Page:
Drawing and dance: the fine lines in the artistic career of London painter Cinzia Bonada, By James Brewer
Fascinations with ballet (in her youth she caught the approving eye of Dame Margot Fonteyn), and with the relatively free style of Greek dancing, and with painting, especially portraiture, have emblazoned the career of Cinzia Bonada. Resident in the London borough of Richmond upon Thames, Cinzia is best known now as a successful exhibitor at Royal Academy summer shows and member of the Royal Society of British Artists (RBA).
Her work is seen at many other exhibitions, and is in the Museum of Jersey, Channel Islands. As a founder member of the Small Paintings Group, formed 20 years ago for the greater recognition of those who paint on canvases of modest scale, her support for her fellow practitioners has been manifest .
She receives many commissions, but much of her work is rendered quite informally. Whenever she travels by Tube, she has a pencil and scrap of paper handy to sketch passengers in the carriage – if they notice her, her subjects might guess that she is simply jotting down a shopping list. Always intensely involved in her portrait work, she admits: “A little bit of your persona goes into that portrait. I only feel satisfied when I have captured an expression that I know in the sitter.” Fondness for antiques and still life subjects are strikingly evident in her other works.
Her devotion to drawing and painting developed at a time when she had established herself as a dancer, a key point in her unique story.
As a baby, Cinzia (born as Cynthia Carlile Boyd) was taken by her parents from their home in Jersey to the mainland of England to escape enemy assault during World War II. Luckily, the family found passage on a coal-carrying ship. After the war she returned to the Channel Islands to attend school and at the age of four already found “that my absolutely sole wish was to become a dancer, ” although it was a while before she was able to pursue this desire.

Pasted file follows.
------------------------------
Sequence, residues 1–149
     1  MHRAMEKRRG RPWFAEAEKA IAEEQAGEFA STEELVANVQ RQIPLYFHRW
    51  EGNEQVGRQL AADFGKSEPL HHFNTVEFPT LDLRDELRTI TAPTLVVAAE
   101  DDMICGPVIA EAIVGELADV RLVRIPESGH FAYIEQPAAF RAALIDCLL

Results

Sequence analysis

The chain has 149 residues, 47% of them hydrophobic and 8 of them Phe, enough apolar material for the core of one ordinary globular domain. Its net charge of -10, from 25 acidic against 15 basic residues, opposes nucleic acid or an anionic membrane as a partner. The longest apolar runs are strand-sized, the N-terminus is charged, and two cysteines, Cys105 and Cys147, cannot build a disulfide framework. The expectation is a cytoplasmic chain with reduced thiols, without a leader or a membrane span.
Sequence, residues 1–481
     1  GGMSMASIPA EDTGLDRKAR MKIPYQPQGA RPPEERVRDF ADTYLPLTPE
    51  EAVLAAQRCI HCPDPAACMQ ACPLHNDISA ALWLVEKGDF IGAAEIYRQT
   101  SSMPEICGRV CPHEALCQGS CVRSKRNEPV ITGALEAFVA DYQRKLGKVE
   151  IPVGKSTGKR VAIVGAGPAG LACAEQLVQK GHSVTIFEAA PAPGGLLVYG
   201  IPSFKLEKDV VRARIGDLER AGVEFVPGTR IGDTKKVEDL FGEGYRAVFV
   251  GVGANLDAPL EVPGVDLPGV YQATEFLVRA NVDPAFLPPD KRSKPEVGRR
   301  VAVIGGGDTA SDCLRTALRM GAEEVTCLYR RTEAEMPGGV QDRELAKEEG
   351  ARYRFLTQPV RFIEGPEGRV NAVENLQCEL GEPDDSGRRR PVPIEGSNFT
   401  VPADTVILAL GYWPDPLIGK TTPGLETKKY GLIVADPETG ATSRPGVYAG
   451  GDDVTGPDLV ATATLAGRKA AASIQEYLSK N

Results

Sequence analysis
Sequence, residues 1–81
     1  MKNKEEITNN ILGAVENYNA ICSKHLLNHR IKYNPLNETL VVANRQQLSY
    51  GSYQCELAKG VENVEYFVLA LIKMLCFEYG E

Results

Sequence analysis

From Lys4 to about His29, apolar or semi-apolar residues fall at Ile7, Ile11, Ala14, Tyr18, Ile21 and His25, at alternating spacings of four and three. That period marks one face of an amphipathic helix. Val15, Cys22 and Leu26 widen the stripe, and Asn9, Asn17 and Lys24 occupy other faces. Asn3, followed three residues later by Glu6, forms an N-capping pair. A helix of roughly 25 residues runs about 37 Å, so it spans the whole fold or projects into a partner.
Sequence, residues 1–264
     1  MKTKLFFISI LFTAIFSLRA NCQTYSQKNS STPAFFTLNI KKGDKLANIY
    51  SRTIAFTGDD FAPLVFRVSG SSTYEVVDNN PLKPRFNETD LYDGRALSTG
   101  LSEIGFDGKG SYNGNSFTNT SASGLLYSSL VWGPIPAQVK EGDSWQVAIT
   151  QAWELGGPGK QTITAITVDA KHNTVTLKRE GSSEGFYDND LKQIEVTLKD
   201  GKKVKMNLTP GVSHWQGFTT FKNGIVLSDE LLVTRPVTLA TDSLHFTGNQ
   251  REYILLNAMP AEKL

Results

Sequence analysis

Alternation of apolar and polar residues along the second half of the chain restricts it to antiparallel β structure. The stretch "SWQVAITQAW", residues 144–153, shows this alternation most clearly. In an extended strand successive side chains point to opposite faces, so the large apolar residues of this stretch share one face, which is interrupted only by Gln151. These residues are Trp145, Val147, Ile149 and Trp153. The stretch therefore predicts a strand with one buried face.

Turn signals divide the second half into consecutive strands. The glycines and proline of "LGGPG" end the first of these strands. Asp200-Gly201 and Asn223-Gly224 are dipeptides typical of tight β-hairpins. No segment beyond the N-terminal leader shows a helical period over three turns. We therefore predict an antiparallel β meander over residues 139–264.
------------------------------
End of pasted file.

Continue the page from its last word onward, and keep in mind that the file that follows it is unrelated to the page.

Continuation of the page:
On Sundays, wearing a yellow tunic, she would dance barefoot on the firm sandy beach at Grève d’Azette, which has been a symbol of Jersey’s maritime heritage. Her ‘stage’ for these impromptu twirls formed part of a natural harbour that in the 19th century supported a flourishing shipbuilding industry. The beach was a perfect place to practice the “flying skips” of Greek dance she enjoyed and “which is much freer than ballet, ” matching her free spirit. The two dance forms are quite different. “In ballet you have to turn your feet out. In Greek dance your feet remain straight.”
Cinzia began ballet training in earnest at Jersey Academy of Dancing which had been established by Valerie Guy BEM, and she won awards at Jersey Eistedffod for dance and for elocution. One approving adjudicator tried to entice her to apply to her particular school on the mainland, but Ms Guy preferred that she went to her old school, winning the argument , so Cinzia left to study with Noreen Bush at the Bush-Davies School, East Grinstead. “There followed the happiest years of my life, at the age of 14 to 16.” She loved the shows at Bush-Davies, including being given the role of the Good Fairy in Cinderella.
At that school, Cinzia gained what is known as the Solo Seal, and won the silver medal in the prestigious annual Adeline Genée Medal Competition, the Royal Academy of Dance event which was staged at the Criterion Theatre, Piccadilly. One of the seven judges was Margot Fonteyn, who was to have presented the prizes. Dame Margot watched all the entrants’ solos, including Cinzia’s performance for the first three minutes, then had to dash to catch a plane to see her husband in Panama. So the award was presented by Phyllis Bedells, another distinguished figure in the ballet world.